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Showing posts with the label organizational culture

Considering Culture in Your Strategic Road Map

A strategy is a roadmap that guides organizations to higher levels of performance that encourages productive growth. Executives can develop excellent business strategies that take into consideration market projection, resource allocation, human capital, and financial streams. To their own detriment, many CEOs do not factor in organizational culture into their strategies and how it impacts organizational goal attainment. Culture should support business strategy (Eaton & Kilby, 2015). The values and semantics contained within culture should enhance business strategy through proper orientation of people's expectations. If there are contrary elements within a culture, the values should be adjusted to ensure they realign to meet organizational needs. Consider an example of how culture can support or detract from organizational objectives. Two companies seek to become market leaders, but one company promotes employees based on patronage and the other from performance. These val

How Does Jung's Archetype Influence Your Management Style?

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Carl Jung’s Archetype is considered an interesting theory about the nature of the human mind and the personality structures contained within it. The creation of self and all of its details has a substantial impact on our personality and how we relate to other people. The very way in which our archetypes create our personality will naturally impact how we deal with problems and events in the workplace. Our management style is based upon how we see ourselves and the archetypal approach we use in life. According to Jung we have the Self which is the unification of our conscious/unconscious, the shadow which is our hidden instinct driven self, the Anima or Animus that represent the true self, and the persona is the image we share to the world. As a total person the self is the way in which we integrate ourselves while the persona is more focused on what we want to show others. Some argue that these archetypes are universal and an inherited part of ourselves. Based upon our biolo

Are we Syncing Our Non-Verbal Cues in the Workplace?

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The workplace is full of communication as people act and interact with each other to get the day’s events accomplished. Beyond what is said and the words we use it is possible that language works in the background as well. Inadvertently, you may be sync yourself with other people in the much the same way as you sync your electronic gadgets to each other.   A recent study explains how people inadvertently sync to their social networks when communicating (Higo, et. al. 2014). Our non-verbal communication mannerisms start to mimic those within our social networks and create a language of their own. We naturally find a way of showing our engagement in further conversation.  As we talk to people we engage with on a frequent basis we naturally make personal and emotional connections to those members. This happens because we share information, stories, and memories. Beyond the verbal obvious is the story embedded in our non-verbal communication patterns.  When two people be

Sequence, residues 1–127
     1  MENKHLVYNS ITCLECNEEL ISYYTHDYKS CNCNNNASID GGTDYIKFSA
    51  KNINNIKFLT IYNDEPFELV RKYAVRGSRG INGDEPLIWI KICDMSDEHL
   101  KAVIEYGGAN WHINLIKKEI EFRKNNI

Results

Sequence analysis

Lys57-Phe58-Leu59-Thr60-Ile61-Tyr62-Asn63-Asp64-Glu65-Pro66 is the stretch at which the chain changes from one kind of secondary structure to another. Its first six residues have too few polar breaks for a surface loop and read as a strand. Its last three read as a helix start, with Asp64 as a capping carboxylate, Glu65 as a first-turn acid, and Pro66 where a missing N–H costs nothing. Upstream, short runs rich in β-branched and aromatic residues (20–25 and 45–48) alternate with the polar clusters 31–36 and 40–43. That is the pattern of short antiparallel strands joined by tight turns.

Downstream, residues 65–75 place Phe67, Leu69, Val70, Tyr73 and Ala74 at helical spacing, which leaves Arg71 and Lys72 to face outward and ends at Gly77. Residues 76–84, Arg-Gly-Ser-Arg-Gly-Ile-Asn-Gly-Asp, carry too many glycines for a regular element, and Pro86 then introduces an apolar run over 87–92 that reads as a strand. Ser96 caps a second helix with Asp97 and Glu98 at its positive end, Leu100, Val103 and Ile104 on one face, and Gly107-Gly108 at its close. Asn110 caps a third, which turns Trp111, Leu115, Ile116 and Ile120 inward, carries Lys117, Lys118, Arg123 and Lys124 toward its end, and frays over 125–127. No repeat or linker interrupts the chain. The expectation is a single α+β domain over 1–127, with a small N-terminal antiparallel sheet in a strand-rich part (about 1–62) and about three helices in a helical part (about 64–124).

Positive and Negative Communication Patterns Impact Workplace Culture

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Communication is social by nature, helps others to engage in relationships, and link the micro actions of individuals to the macro actions of the organization. The communication patterns of a workplace determine not only the culture and flavor of the company but also its effectiveness.  The researchers Keyton, et. al. (2013), discuss the nature of communication in the workplace and the patterns formed. Employees who are effective communicators are likely to succeed in achieving their goals. Individuals are seen as active agents whose behaviors are driven by motivations that are innate (Bandura, 2008). Such individuals express themselves, their personalities, and even their unconscious conflicts through communication. Let us take two examples of people who have distinct communication patterns within the workplace. Tom wants to be successful and seeks recognition for his work. John feels as though he is more deserving of others and the only way to achieve his goals is to domin

Positive Workplace Interactions Foster Transformational Leadership Skills

Developing transformational leadership is beneficial for the creation of higher levels of organizational performance. Such leaders help raise the standards within their workplace and inspire their followers toward a brighter vision.   According to a study by Trepanier, et. al leadership is an exercise of self-perception base in part on the relationships fostered within the workplace (2012). When intrinsic motivation meets a receptive environment a higher level of performance can be achieved. Transformational leadership is a style that encourages higher levels of organizational development. It is characterized by charisma, motivation, intellectual stimulation, and individual consideration (Bass, 1985).   Such leaders are capable of using intrinsic values to achieve goals and feel as though they can engage socially with others. It is a process of self-realization for the development of higher levels of organizational performance.  Leadership does not develop in a vacuum and